Friedland APES Ch 3

Ecosystem

a location of interacting biotic and abiotic components.

Producer

an organism that uses the energy of the Sun to produce usable forms of energy

Autotroph

able to produces it's own food

Photosynthesis

process by which producers convert water and carbon dioxide into glucose and oxygen

Cellular Respiration

process by which cells convert glucose and oxygen into energy, carbon dioxide, and water

Consumer

organism that must obtain its energy by eating other organisms

Heterotrophs

can not make own food, eats other organisms

Primary Consumer

organism that must obtain energy by consuming other organisms

Secondary Consumer

carnivore that eats primary consumers

Tertiary Consumer

carnivore that eats secondary consumers.

Trophic Levels

levels in the feeding structure of organisms, higher trophic levels consume organisms from lower levels

Food Chain

sequence of consumption from producers through consumers

Food Web

complex model of how energy and matter move between trophic levels

Scavengers

carnivore that consumes dead animals

Detritivores

organism that specializes in breaking down dead plant or animal tissues

Decomposers

fungi or bacteria that recycle nutrients from dead tissues and wastes back into an ecosystem

Gross Primary Productivity

the total amount of biomass produced via photosynthesis over a given amount of time

Net Primary Productivity

the energy captured by producers in an ecosystem minus the energy producers use to live

Biomass

total mass of all living matter in a specific area

Standing Crop

the amount of biomass present in an ecosystem at a particular time

Ecological Efficiency

the proportion of consumed energy that can be passed from one trophic level to another

Trophic Pyramid

a representation of the distribution of biomass or energy among trophic levels

Biosphere

The region of out planet where life resides, the combination of all ecosystems on Earth.

Biogeochemical Cycles

the movements of matter within and between ecosystems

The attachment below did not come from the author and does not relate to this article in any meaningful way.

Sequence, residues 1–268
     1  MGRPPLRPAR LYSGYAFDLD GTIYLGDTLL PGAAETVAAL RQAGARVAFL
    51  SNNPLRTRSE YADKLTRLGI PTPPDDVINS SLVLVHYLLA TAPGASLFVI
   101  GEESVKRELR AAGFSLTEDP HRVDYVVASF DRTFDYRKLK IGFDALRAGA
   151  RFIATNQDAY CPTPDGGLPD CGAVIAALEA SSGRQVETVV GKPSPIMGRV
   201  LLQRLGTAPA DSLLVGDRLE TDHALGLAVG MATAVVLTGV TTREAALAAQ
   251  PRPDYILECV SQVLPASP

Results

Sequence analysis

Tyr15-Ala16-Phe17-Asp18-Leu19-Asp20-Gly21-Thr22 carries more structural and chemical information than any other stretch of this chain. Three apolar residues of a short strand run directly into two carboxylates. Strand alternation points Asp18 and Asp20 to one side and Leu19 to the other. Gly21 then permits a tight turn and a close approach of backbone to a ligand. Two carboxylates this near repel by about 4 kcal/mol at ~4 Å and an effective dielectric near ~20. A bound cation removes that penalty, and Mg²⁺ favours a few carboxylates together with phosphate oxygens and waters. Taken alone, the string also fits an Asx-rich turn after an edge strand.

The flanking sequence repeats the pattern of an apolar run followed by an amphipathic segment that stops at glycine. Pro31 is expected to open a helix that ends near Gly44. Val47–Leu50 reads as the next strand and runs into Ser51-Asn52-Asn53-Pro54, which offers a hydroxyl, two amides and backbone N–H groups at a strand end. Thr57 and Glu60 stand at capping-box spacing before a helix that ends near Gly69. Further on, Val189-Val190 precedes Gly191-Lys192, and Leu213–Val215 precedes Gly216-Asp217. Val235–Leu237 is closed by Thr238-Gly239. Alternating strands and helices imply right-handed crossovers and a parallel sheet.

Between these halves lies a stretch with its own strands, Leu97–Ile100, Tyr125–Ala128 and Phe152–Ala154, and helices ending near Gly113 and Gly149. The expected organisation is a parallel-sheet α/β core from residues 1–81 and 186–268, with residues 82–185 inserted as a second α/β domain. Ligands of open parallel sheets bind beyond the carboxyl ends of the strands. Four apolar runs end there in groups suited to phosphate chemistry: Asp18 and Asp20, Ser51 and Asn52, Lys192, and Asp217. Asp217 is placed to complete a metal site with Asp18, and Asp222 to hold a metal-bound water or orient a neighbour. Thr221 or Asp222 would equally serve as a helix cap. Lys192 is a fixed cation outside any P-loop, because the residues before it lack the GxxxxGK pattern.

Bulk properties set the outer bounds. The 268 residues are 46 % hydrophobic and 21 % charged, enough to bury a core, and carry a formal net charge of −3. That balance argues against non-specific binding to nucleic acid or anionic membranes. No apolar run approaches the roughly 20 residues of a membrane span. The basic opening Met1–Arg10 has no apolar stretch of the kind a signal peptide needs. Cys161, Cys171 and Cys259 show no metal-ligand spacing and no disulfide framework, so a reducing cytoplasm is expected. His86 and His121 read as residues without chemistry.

Hydrologic Cycle

the movement of water through the biosphere

Transpiration

the release of water from leaves during photosynthesis

Evapotranspiration

the combined amount of evaporation and transpiration.

Runoff

water that moves across the land surface and into streams and rivers

Carbon Cycle

the flow of carbon through the environment

Nitrogen Cycle

the flow of nitrogen through the environment.

Macronutrients

the six key elements that organisms need in relatively large amounts

Limiting Nutrient

a nutrient required for the growth of an organism but available in a lower quantity than other nutrients

Nitrogen Fixation

a process by which some organism can convert nitrogen gas molecules directly into ammonia

Leaching

the transportation of dissolved molecules through the soil via groundwater

Phosphorus Cycle

the flow of phosphorus through the environment

Disturbance

an event, caused by physical, chemical, or biological agents, resulting in changes in an ecosystem

Watershed

all land in a given landscape that drains into a particular stream, river, lake, or wetland

Resistance

a measure of how much a disturbance can affect flows of energy and matter in an ecosystem

Resilience

the rate at which an ecosystem returns to its original state after a disturbance

Restoration Ecology

the study and implementation of restoring damaged ecosystems

Intermediate Disturbance Hypothesis

the hypothesis that ecosystems experiencing intermediate levels of disturbance are more diverse than those with high or low disturbance levels

Instrumental Value

something that has worth as an instrument or useful tool

Intrinsic Value

worth independent of any benefit it may provide to humans

Provision

a good that humans can use directly